Yet another jail account

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by Sara Wani

Long ago a non-descript man used to visit a library I frequented, not in pursuit of knowledge but to visit his part-time calligrapher colleague. So I know Maqbool Sahil, the calligrapher. I never even thought that he would make a journalist and a writer at that. And reading him in Chattan surprised me. Later the news of his arrest and alleged cross-border links baffled me. His run of the mill kind of persona hardly gave such an impression but as they say, appearances are often deceptive. Sahil visited Pakistan, was in good terms with security agencies and separatists, got arrested, interrogated and imprisoned.

His book Shabistan-e-Wajood inspired by Iftikhar Gilani’s My Days In Prison and written in bland prose sketches the vortex a Kashmiri has fallen in. The treatment meted out to a Kashmiri at every point – the flimsy grounds of detention, release and re-arrest which is a norm in every oppressive set up.

Over the last two decades, thousands of men were arrested and jailed. Almost every jail was crowded to the extent that some of the detained are being regularly shifted outside J&K. There have been occasional reports by civil liberty activists and lawyers about the condition of inmates. But Sahil’s book is the first insider’s account, at least about the jail systems in J&K. The author has detailed the pain of being jailed and how jailers create their own laws to keep their bosses happy. He has identified scores of his jail mates to tell their stories. He narrates the stories of those who have lost mental balance. At a few stages, the account is shocking, chilling and revealing too. A bit of black humour does exist throughout. Details about Jammu’s Amphalla prison offers readers a horror take on solitary confinements.

The system, according to the author is ruthless and inhuman. He mentions instances of Kashmiri Pandits being unleashed at every Kashmir prisoner while on way to Kot Balwal prison. He talks of the same groupism in jails on ideological grounds as exists outside. He has rightly pointed out that almost all social and political movements have fallen to groupism and behavioural problems of leaders. Right from 1931 Kashmir leaders pulled rugs from under each other’s feet. No one was ready to accommodate the dissent. Details of attempted jailbreak at Kot Balwal and an eyewitness account of 2006 jail riot also adorn the pages of his book. Interestingly the author claims to have been victimized on that count as well.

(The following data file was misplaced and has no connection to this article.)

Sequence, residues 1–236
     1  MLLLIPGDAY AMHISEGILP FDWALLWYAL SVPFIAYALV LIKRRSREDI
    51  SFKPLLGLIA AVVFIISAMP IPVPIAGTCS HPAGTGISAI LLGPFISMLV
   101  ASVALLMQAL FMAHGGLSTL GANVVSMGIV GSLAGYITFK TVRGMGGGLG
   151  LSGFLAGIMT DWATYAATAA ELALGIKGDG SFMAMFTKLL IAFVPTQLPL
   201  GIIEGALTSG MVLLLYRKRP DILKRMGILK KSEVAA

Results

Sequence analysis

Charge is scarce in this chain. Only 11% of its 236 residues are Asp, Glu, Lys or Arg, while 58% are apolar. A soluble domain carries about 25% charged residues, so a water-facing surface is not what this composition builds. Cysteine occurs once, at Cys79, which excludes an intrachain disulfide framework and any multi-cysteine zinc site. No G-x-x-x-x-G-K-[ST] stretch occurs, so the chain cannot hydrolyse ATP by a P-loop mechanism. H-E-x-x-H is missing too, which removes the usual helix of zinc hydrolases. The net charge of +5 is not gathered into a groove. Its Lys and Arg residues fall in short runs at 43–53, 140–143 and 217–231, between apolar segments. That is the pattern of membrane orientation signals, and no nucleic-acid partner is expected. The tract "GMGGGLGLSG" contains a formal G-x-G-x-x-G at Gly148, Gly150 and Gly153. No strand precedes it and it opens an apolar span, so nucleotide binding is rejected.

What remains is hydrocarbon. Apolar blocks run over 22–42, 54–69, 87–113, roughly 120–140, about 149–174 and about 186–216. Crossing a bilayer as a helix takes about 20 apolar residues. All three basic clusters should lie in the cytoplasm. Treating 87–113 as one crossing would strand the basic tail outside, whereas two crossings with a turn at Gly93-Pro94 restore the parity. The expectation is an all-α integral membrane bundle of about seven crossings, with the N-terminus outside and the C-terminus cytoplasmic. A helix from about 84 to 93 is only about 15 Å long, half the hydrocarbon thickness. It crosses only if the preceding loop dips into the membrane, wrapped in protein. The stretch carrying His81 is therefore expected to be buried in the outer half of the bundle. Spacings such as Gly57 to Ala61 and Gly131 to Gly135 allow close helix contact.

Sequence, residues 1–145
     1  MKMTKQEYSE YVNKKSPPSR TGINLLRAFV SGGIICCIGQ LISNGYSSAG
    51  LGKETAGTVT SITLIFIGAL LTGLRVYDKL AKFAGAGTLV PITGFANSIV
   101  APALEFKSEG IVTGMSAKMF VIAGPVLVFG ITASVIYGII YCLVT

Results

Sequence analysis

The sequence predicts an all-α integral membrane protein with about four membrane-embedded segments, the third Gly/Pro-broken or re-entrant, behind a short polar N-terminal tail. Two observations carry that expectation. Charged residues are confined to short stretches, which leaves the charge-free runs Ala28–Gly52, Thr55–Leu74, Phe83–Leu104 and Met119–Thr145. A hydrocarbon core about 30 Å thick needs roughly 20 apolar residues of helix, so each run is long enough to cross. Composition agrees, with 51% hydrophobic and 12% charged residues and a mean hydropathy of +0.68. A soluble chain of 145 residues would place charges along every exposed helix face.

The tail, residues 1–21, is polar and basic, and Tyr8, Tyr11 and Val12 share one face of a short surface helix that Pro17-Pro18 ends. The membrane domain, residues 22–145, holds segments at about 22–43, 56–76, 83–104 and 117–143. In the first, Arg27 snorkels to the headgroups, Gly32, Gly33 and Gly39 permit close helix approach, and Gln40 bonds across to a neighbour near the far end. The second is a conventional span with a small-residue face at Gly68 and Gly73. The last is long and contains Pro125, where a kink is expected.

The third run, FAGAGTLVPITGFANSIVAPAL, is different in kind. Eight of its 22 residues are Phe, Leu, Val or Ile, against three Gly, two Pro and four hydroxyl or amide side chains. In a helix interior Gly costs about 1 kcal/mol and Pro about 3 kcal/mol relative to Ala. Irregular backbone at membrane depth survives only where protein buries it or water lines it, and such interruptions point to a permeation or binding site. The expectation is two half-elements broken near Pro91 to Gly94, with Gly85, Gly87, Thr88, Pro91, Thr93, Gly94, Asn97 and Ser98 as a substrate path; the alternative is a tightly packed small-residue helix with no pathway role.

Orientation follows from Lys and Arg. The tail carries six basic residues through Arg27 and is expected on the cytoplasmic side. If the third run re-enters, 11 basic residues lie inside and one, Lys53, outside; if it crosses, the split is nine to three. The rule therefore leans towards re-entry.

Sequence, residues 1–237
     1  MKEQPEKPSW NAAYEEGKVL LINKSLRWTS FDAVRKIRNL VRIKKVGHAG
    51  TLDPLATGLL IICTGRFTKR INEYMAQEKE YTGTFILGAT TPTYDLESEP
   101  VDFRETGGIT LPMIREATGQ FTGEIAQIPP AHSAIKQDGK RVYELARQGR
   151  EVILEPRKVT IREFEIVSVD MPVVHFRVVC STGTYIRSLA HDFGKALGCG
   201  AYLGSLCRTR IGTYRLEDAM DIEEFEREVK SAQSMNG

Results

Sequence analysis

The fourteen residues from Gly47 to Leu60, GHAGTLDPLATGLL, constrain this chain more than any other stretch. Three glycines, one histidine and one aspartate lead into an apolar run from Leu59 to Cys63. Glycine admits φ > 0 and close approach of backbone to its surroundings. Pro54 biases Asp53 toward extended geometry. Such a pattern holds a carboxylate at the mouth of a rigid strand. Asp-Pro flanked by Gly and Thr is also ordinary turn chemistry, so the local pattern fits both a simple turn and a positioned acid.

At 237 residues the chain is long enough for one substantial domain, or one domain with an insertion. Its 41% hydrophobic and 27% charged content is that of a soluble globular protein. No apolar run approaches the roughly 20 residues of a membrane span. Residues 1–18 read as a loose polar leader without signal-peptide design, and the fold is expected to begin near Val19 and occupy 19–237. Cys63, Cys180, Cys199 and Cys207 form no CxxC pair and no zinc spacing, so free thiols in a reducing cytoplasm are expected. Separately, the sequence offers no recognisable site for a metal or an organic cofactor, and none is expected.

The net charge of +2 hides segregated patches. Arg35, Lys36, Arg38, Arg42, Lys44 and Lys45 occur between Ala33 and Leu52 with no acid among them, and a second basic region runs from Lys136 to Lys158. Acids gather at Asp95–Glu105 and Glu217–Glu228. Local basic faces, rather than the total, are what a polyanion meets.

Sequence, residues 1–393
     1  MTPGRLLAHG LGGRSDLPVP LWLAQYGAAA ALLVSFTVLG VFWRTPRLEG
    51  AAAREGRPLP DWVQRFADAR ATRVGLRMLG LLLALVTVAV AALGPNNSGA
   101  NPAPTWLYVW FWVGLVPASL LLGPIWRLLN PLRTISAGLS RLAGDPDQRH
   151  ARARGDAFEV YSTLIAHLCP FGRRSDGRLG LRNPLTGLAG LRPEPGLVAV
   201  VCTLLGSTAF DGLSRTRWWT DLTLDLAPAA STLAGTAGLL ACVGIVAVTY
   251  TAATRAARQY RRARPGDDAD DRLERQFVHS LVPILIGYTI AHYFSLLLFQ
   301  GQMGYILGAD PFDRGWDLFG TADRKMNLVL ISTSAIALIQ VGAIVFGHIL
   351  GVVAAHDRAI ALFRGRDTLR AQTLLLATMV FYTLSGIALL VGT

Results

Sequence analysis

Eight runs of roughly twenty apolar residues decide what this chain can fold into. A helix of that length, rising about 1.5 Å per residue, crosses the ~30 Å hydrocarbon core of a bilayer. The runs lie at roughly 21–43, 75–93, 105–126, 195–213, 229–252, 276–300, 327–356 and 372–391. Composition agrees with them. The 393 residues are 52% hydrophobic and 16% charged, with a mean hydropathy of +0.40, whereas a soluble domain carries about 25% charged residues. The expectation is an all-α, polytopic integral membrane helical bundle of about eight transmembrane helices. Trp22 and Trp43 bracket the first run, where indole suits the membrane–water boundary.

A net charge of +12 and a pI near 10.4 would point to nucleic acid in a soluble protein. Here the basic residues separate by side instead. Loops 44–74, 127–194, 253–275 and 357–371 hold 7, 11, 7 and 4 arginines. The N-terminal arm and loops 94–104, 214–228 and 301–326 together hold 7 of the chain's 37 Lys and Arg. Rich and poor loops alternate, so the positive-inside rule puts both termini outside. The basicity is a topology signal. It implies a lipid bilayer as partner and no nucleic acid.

Accounting his sojourn in Pakistan, author decries the situation which is aiming agents out of every Kashmiri who matters. The book vividly portrays the predicament of a writer covering Kashmir who in order to keep the threesome – separatist, militants and security agencies – happy ends up in prison. For a professional, it is hard to please all. The internecine war of the 1990s between JKLF and Hizb-ul-Mujahideen, which deflated the whole resistance movement, created not only chaos but disillusionment among masses. In recent past, people had idolized militants as Mujahideen. The incident left Kashmiris directionless and leaderless with every leader having his own agenda. This disillusionment and lack of leadership have made Kashmir politically unpredictable. One day they are crying their throats hoarse with slogans of freedom and next day they jostle together to cast their ballots.

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